Myanmar: International community weighs up further action, 18 months after military coup
Eighteen months after Myanmar’s military seized control and arrested then-leader Aung San Suu Kyi, alongside other members of the democratically-elected National Unity Government (NUG), the international community grapples with how to treat the country. As things stand, there’s no sign of an end to the junta’s bloody and contentious rule.
There’s a line between not wanting to legitimise the government and still needing to work with them, says Anjali Dayal, an assistant professor of international politics at Fordham University in New York. Thailand, for example, relies on Myanmar for 14 per cent of its piped gas supply.
Yet, reports of kidnappings and killings by the military have been rife since the coup in February 2021 – over 2,100 people are estimated to have been killed by security forces. In July, there was global outrage after the junta imposed an immediate death penalty for four democracy activists it accused of ‘terror acts’.
‘Rule of law has completely gone out the window with the revised criminal code [section] 505(a) being used to criminalise anyone that the junta wants to go after for whatever reasons, with cases heard before politically controlled courts,’ says Phil Robertson, Deputy Director of Human Rights Watch's Asia Division. He adds that the junta has arrested almost 15,000 people, and currently holds more than 10,000 in detention.
The military, says Melinda Taylor, Co-Chair of the IBA Human Rights Law Committee and counsel in human rights and international criminal law, is ‘amending or promulgating new rules to justify unlawful actions, and cherry picking from existing legislation to create a false veneer of legitimacy to hide their human rights abuses.’
When it comes to an international response, these actions are likely to be enough to prevent people from visiting the country, Dayal says. Myanmar reopened to tourists in April yet governments including Australia, Canada and the UK advise against travelling to the country. This is likely to impact Myanmar’s economic state, as the country generated $2.5bn in tourism revenue in 2019.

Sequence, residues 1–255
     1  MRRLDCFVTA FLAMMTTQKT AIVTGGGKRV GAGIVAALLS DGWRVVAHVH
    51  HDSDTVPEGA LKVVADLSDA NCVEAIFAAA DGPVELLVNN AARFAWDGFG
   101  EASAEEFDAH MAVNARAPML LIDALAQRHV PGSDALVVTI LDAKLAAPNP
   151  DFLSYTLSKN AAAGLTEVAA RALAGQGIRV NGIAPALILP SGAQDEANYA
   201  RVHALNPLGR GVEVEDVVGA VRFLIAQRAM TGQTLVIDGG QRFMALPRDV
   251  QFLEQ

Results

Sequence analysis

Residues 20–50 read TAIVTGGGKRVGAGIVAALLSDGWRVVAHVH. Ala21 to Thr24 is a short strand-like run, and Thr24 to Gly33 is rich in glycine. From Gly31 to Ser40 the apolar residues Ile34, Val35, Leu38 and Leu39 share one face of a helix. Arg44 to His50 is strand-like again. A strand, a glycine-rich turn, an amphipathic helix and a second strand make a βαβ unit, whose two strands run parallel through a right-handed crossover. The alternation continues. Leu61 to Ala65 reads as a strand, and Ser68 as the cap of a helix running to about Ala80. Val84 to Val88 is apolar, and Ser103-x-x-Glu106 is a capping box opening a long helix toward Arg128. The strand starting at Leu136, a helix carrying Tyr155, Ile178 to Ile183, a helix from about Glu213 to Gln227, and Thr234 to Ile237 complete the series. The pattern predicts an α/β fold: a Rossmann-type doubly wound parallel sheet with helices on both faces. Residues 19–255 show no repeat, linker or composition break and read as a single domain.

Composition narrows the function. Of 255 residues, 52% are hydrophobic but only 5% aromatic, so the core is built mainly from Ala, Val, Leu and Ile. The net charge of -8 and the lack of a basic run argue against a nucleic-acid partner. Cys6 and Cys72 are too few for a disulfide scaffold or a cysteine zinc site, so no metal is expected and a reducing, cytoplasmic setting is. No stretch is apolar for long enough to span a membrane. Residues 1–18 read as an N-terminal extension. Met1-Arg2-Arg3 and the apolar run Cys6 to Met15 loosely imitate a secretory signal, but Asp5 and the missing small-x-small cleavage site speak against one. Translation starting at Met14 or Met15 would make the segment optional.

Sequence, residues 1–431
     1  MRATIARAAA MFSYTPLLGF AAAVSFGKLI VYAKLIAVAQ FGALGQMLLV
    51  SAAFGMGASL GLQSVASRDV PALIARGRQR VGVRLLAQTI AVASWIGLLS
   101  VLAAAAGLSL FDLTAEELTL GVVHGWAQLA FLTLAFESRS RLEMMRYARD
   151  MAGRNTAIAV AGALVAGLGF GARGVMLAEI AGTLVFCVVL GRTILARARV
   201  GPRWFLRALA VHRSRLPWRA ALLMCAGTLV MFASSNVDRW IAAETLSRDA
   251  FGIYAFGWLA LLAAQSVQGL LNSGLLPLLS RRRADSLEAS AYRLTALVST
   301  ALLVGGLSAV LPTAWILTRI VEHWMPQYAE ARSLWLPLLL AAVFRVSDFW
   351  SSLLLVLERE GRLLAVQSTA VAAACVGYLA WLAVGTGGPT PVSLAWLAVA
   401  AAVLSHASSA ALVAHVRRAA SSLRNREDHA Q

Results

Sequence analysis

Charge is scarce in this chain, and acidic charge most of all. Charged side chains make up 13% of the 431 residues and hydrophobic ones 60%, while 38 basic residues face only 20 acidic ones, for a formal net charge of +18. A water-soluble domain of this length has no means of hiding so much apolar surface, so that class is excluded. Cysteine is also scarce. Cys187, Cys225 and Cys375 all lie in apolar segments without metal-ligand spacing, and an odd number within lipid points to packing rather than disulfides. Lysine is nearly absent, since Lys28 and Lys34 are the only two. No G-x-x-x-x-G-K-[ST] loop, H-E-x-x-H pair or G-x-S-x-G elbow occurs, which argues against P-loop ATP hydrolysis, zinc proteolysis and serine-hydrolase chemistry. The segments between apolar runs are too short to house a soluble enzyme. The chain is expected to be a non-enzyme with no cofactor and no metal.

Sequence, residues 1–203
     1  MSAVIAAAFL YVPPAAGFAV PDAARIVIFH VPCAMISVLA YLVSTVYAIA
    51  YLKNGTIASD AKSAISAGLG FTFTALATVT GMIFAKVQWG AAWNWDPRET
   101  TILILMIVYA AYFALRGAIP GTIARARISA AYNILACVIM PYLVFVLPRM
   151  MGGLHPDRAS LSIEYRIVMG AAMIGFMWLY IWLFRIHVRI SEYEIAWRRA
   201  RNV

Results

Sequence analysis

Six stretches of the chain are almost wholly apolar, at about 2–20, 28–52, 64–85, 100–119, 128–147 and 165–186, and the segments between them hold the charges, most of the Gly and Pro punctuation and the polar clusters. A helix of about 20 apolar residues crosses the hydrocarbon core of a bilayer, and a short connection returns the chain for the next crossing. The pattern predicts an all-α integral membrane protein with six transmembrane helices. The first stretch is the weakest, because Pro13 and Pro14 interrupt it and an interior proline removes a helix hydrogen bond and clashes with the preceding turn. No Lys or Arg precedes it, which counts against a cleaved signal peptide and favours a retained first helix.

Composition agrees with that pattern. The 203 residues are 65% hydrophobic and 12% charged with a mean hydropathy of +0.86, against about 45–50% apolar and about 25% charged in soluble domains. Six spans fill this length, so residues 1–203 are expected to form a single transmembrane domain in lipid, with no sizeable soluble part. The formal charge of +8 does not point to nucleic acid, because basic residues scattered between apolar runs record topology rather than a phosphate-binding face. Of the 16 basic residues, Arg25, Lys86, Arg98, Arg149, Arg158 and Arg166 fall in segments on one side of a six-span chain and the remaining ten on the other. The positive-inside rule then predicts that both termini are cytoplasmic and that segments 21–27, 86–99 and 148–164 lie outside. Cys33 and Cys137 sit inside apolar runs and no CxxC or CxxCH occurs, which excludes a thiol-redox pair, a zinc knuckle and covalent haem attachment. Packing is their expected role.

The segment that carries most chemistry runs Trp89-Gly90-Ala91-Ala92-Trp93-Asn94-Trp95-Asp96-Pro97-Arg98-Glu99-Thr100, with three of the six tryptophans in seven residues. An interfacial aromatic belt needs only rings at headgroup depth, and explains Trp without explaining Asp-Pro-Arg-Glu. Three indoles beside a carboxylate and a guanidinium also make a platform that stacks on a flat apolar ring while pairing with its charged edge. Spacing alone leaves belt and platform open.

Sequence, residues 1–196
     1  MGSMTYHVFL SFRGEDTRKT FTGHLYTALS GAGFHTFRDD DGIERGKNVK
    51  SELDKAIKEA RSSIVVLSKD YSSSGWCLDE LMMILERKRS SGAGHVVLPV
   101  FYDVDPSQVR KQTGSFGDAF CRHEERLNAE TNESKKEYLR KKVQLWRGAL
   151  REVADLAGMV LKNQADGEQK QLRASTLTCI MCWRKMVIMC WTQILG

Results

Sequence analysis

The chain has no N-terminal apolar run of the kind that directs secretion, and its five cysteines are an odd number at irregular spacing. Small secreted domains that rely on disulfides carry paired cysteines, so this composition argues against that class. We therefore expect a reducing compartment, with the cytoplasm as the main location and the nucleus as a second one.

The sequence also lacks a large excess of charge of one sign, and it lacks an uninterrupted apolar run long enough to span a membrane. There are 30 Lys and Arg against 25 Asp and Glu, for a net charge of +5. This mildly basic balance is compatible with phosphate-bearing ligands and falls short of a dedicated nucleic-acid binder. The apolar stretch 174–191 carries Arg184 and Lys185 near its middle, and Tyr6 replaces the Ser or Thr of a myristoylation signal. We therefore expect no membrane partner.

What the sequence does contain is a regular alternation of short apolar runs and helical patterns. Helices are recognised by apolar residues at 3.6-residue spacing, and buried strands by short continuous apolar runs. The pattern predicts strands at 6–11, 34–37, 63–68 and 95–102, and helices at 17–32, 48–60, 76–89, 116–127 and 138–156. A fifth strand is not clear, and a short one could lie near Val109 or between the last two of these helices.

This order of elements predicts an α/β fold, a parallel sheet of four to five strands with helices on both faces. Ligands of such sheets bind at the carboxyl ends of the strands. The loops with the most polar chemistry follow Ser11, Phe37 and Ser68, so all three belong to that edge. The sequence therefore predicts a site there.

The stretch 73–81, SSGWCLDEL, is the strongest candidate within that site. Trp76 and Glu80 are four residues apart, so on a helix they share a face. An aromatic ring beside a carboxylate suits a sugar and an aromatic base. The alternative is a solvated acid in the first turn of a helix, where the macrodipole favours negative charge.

While the junta would want to normalise business by selectively promoting their own business community, this needs to be critically reviewed
Secretary, IBA Asia Pacific Regional Forum
But rather than ruling out travel to Myanmar altogether, Bertie Alexander Lawson, Managing Director of Myanmar-based boutique travel agency Sampan Travel, believes people should consider what impact a visit could have. While money spent on visa fees and the compulsory travel insurance would go to the authorities, hiring a local guide and eating locally would support locals at a time when 14.4 million people are in need of humanitarian assistance.
‘If you’re coming here and spending money on souvenirs, taxis, restaurants and tuk tuks as well as guides, that’s money that’s going to people who really need it,’ says Lawson, who adds that while there is a safety risk, tourists are not a target.
The same thinking around impact should also be applied to overseas business operations in Myanmar, Lawson says.
‘While the junta would want to normalise business by selectively promoting their own business community, this needs to be critically reviewed,’ says Satyajit Gupta, Secretary of the IBA Asia Pacific Regional Forum.
Businesses should assess who they’re working with in Myanmar, where their money is going and the impact they may be having before deciding how to proceed, Lawson says.